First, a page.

LEAP University Academy Charter School founder Dr. Gloria Bonilla-Santiago sees opportunities for STEM education to reach into impoverished areas and help lift children up to break the cycle of poverty. LEAP Academy, in Camden, NJ, has made inroads toward doing just that, with a STEM curriculum put into place last year.  It has operated through a formula that Bonilla-Santiago sees as a way of the future. "At LEAP, we are recruiting teachers from industry who are scientists first, educators second," she says. "For example, our freshman-level science classes are being taught by an energetic woman who holds a Ph.D. in physics. She can earn a lot more money in private industry, but she believes in our mission." In addition to hiring high quality teachers, Bonilla-Santiago's strategy has included developing a partnership with Rutgers University, keeping classes small, and providing teachers with ample professional development opportunities. "Add it all together, and you have the formula for... Read More

Teachers: get your applications in now for the Siemens Teachers as Researchers (STARs) program! Run by The Siemens Foundation and Discovery Education, the program is an all-expense-paid experience aimed at improving STEM teaching. Over the summer, the 40 teachers selected will work in small groups with teams of scientists on projects ranging from biological systems to sustainable energy. “While reviewing applications for our STARs program, we look for a diverse group of educators with strong academic backgrounds in science, technology, engineering and math who are truly passionate about advancing student achievement in those topic areas," said Mary Rollins, vice president of Discovery Education. "We are positive that the candidates we choose will take the skills, contacts and resources we provide them during the program back to their classrooms across the country and use them to motivate their students to excel in STEM learning.” Applications are due February 9th, and may be submitted... Read More

As part of Massachusetts' Race to the Top initiative, the University of Massachusetts-Lowell will receive $1.6 million to support teacher preparation in STEM subjects.  The grant will be given over three years, and will impact 250 teachers in the university's teacher preparation program.  According to UMass-Lowell Chancellor Marty Meehan, “The UTeach UMass Lowell program draws on our strengths in research and experiential education, working in partnership with the Lowell, Methuen and Lawrence school districts.”   Congratulations!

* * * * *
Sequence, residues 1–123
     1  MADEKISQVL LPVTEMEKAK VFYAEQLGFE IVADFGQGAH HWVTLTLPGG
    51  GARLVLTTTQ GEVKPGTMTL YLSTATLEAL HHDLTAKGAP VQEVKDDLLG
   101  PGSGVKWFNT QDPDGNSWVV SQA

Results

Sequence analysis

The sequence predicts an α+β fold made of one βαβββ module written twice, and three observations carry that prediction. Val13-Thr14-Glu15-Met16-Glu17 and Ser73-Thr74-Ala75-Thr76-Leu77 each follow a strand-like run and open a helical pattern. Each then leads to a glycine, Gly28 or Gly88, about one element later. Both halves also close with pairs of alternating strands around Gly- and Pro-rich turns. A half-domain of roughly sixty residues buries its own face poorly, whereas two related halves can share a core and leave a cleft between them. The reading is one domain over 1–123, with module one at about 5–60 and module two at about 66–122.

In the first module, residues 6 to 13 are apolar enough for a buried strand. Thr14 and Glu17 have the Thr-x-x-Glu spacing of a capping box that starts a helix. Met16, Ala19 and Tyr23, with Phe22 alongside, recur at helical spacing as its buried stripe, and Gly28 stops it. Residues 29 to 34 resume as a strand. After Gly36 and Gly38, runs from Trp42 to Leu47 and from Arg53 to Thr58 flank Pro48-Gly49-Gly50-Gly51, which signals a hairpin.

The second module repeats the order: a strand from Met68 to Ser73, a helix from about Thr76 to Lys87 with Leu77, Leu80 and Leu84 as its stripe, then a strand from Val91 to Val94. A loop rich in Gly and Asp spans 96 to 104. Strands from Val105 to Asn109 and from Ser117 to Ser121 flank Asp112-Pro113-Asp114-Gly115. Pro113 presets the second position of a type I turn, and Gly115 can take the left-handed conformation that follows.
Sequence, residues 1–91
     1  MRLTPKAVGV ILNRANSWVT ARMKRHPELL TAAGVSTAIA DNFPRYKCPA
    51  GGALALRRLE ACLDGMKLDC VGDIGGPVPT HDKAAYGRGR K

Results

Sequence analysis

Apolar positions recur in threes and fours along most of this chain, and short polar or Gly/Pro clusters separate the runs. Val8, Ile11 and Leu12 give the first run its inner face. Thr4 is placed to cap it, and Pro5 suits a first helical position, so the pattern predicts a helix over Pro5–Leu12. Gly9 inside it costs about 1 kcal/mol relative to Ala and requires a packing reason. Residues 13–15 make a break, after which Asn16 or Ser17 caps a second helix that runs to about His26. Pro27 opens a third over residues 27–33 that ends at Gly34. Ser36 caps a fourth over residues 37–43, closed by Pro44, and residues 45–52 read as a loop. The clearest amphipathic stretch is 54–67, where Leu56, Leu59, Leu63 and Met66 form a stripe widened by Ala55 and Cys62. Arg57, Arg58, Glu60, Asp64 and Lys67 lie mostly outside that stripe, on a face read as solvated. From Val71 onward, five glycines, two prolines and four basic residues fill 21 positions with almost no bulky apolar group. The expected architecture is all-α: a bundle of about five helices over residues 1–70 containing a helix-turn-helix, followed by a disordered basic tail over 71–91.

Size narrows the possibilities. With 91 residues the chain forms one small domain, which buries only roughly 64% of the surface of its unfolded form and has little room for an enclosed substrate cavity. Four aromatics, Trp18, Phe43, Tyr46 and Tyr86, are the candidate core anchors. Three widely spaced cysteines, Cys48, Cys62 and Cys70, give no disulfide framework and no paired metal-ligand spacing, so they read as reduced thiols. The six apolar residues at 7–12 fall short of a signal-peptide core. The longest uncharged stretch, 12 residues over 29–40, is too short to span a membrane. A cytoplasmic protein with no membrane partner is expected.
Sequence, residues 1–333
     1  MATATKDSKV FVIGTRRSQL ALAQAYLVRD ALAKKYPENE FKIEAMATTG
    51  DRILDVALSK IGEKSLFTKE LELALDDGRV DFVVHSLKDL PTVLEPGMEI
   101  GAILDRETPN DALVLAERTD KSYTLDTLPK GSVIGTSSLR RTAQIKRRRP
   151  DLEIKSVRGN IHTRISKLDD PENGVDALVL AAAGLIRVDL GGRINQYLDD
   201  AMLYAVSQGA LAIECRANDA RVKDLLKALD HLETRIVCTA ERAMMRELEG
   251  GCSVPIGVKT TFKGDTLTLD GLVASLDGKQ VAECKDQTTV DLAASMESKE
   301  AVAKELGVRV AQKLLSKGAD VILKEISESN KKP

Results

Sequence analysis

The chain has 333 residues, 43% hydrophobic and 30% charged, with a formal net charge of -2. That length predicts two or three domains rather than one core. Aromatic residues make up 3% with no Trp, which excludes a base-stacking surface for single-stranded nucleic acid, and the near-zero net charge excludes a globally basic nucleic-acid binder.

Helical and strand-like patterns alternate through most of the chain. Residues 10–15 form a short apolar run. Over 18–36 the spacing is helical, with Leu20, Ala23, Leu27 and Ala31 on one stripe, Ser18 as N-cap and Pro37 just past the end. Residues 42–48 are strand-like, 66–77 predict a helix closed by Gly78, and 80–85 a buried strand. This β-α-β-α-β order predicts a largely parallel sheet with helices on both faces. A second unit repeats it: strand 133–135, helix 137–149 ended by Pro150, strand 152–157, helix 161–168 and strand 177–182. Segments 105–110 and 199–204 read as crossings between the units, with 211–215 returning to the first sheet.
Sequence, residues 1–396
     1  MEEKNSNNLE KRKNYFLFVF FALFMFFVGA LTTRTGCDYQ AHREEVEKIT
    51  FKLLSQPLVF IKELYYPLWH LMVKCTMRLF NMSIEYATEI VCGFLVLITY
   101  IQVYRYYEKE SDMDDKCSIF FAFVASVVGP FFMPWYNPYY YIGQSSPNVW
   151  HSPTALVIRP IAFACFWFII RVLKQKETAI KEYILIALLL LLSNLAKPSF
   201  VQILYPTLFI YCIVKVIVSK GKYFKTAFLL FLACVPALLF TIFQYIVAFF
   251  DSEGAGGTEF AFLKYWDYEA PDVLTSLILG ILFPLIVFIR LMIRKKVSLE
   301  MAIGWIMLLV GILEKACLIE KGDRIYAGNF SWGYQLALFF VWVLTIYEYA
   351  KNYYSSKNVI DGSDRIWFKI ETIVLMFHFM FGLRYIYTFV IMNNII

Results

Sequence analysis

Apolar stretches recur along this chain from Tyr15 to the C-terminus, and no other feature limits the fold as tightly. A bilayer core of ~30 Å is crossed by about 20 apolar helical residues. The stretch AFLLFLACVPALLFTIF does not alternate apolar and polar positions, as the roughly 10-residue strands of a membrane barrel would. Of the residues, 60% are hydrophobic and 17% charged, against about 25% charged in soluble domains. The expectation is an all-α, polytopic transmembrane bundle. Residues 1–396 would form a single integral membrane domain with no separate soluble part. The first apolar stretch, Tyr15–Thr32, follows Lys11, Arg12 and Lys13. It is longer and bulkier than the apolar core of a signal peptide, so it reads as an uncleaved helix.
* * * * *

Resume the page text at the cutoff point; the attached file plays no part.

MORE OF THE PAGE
Via www.masshightech.com


The 2012 Intel Schools of Distinction Application process is now open!  The deadline for applying is Feb. 23, 2012.  From Intel's web site:

"Every year, Intel honors U.S. schools demonstrating excellence in math and science education through innovative teaching and learning environments. To be considered as an Intel School of Distinction, schools must develop an environment and curricula that meet or exceed benchmarks put forth by national mathematics and science content standards.

Up to three schools at each level—elementary, middle, and high school—will be named as finalists in the math and science categories. The 18 schools will receive a cash grant of USD 5,000 from the Intel Foundation and a trip to Washington, D.C., for a four-member team from their school and district. Six winners will be selected from the finalists and receive an additional USD 5,000 cash grant for a total of USD... Read More